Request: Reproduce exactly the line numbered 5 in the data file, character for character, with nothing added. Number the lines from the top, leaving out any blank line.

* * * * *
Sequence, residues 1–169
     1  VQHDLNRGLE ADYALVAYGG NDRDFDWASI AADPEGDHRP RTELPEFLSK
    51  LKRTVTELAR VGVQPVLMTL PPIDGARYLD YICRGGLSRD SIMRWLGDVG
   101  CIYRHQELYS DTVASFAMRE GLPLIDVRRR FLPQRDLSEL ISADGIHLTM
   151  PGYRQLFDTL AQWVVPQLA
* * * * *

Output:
   151  PGYRQLFDTL AQWVVPQLA